It seems that the Phoebe Waller-Bridge-created show may have slid into the awards conversation through a slight bending of the rules.
The BAFTA eligibility requirements note that for a show to qualify for a nomination it “must have had the worldwide premiere transmission in the UK.” It goes on to say that “creative control: must ‘reside’ within the UK and/or a UK broadcaster must have the primary editorial control over the programme.”
While, the show did air on the BBC in the UK, it was quite clearly a BBC America commission and was only subsequently acquired by the British public broadcaster, via Endeavor Content, after the AMC Networks-backed broadcaster ordered it.
The cat-and-mouse spy thriller is clearly very British in its tone and its creator, Waller-Bridge, its production company, Sid Gentle Films, and many of its exec producers including Sally Woodward Gentle, are British. But the show, which stars Sandra Oh and Jodie Comer, is still a U.S. commission, something that BAFTA was aware of when it unveiled the nominations this morning.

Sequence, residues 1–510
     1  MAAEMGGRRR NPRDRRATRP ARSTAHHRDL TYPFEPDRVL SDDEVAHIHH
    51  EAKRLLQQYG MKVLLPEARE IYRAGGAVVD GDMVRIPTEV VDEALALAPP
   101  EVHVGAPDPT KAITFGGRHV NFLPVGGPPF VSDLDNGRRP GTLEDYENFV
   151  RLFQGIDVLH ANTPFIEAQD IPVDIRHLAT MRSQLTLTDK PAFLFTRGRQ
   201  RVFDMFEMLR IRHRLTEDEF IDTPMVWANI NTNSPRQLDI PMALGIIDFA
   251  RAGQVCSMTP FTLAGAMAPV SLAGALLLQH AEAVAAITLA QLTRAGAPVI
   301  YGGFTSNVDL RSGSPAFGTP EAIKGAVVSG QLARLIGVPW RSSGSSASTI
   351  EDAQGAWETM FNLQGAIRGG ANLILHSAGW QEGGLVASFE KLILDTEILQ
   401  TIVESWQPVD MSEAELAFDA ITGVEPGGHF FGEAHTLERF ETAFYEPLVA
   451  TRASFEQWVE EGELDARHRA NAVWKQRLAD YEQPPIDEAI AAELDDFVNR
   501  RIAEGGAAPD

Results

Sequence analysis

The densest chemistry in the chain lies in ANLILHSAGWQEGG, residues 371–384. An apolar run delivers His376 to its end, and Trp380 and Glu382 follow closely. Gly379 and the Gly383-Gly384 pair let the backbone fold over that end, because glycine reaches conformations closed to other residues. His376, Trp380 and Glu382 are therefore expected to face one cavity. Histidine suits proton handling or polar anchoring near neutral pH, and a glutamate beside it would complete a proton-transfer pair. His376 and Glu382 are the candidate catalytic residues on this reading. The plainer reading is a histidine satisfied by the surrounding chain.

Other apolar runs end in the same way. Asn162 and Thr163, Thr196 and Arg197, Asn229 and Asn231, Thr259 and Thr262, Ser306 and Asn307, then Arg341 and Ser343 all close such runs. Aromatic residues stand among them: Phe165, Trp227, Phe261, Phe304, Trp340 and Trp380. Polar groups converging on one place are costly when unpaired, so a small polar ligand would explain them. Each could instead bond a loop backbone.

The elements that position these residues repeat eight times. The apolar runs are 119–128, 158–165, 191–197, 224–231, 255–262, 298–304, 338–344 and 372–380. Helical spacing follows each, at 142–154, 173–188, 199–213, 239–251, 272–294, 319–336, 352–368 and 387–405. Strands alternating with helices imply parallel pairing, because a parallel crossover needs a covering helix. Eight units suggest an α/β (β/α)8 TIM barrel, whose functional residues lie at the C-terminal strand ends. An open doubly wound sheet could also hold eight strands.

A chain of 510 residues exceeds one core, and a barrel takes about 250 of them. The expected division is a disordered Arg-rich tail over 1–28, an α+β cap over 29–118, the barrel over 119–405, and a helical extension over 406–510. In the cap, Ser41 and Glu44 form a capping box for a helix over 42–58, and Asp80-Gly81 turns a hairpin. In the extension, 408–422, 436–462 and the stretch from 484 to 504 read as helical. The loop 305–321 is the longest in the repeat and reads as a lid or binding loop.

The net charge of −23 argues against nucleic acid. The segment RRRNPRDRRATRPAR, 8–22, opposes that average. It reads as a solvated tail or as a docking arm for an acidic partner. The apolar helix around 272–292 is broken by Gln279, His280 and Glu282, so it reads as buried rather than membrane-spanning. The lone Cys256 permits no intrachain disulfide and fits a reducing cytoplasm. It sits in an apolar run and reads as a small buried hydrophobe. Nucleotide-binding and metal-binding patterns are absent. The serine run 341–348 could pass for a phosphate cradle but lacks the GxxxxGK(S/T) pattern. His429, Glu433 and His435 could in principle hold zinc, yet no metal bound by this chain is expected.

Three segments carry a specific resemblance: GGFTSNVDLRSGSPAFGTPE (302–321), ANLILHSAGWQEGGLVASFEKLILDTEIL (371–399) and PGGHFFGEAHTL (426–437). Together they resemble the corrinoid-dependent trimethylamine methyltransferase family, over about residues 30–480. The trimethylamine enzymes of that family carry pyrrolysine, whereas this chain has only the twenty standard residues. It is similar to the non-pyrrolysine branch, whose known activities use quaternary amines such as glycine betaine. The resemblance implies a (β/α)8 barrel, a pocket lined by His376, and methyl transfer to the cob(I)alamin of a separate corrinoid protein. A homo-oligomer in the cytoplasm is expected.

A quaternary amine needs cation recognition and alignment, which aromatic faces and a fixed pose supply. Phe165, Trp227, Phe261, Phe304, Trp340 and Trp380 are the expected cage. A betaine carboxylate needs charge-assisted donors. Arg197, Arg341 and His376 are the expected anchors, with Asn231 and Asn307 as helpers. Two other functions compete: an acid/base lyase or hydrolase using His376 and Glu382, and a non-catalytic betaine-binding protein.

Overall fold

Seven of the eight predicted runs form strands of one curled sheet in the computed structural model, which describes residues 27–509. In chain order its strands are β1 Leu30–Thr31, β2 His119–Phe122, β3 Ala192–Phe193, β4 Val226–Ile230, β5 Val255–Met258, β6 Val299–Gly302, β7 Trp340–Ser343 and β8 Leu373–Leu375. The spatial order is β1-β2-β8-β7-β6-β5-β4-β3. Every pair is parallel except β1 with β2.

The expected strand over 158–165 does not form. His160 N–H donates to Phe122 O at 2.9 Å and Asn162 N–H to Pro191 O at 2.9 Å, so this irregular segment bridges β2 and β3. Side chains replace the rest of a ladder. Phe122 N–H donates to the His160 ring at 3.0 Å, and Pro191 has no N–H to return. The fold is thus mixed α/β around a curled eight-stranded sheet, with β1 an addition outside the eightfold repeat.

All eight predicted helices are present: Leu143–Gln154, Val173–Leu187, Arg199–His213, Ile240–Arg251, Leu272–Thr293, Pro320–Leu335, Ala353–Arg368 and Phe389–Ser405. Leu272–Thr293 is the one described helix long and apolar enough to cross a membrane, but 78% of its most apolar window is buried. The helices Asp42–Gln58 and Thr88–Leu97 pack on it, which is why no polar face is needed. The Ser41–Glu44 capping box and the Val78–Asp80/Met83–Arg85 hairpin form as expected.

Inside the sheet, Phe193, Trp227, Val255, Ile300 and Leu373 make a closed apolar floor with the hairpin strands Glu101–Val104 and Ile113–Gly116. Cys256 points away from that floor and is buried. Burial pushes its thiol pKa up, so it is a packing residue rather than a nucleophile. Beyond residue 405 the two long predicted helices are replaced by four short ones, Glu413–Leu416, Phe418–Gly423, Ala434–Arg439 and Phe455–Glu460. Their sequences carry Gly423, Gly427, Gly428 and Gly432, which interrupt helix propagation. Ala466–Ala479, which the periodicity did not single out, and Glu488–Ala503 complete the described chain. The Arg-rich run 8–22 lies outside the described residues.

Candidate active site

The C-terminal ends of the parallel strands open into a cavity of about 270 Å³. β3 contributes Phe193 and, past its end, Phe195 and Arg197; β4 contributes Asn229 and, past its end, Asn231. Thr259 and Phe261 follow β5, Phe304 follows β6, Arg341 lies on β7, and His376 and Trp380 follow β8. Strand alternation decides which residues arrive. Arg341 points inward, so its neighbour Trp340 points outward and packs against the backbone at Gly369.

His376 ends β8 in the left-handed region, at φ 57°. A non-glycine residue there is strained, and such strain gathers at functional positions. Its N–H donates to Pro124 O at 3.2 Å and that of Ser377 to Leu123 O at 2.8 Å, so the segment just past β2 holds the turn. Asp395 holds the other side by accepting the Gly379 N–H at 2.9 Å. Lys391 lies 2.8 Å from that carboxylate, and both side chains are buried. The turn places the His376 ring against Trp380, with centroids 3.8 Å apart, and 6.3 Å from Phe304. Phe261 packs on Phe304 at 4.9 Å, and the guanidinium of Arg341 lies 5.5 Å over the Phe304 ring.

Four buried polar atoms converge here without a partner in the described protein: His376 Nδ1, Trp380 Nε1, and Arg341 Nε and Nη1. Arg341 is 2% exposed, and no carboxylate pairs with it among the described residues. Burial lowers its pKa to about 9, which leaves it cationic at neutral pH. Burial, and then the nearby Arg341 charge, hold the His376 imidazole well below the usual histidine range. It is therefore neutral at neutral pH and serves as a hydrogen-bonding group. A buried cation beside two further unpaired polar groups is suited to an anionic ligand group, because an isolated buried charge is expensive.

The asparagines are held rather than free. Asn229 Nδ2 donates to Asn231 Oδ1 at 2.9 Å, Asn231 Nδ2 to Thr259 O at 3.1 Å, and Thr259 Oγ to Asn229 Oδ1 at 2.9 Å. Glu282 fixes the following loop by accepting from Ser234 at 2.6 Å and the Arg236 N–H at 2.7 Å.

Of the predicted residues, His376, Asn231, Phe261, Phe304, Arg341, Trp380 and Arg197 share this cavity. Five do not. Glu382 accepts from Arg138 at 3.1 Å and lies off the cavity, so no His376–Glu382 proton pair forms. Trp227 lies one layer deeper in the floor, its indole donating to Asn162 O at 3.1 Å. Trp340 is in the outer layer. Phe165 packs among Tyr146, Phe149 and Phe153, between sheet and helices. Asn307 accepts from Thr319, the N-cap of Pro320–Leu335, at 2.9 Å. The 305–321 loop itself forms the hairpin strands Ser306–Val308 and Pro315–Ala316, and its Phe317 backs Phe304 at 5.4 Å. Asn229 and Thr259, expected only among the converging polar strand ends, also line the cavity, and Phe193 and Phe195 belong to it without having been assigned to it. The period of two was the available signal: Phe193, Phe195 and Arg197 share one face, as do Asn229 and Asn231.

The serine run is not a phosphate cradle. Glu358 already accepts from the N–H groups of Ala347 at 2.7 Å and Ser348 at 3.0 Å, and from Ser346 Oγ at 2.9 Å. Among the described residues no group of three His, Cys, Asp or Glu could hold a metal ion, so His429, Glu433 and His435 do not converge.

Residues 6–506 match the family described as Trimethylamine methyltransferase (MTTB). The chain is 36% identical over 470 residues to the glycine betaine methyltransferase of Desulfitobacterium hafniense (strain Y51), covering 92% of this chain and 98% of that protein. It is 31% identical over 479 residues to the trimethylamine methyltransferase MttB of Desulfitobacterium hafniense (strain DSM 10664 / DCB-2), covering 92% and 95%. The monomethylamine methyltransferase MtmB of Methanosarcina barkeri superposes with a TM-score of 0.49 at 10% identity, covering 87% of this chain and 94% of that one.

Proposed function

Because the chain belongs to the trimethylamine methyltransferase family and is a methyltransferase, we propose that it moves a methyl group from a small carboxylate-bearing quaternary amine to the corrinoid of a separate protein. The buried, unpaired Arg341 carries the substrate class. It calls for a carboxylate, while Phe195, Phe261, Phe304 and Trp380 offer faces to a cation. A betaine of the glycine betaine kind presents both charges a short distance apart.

A BAFTA spokeswoman told Deadline, “BAFTA’s TV Committee has deemed Killing Eve eligible owing to the significant creative contribution from key talent residing in the UK both in front of, and behind, the camera. Development and post-production also took place in the UK.”
Killing Eve, which was once being developed at British pay-TV giant Sky, was nominated in 14 categories including best drama series, best writing for a drama, two lead actress nods fro Comer and Oh, best supporting actor for Kim Bodnia, best supporting actress for Fiona Shaw as well as in Costume Design, Director Fiction, Editing Fiction, Original Music, Photography & Lighting Fiction, Production Design, Sound Fiction and Titles and Graphic Identity.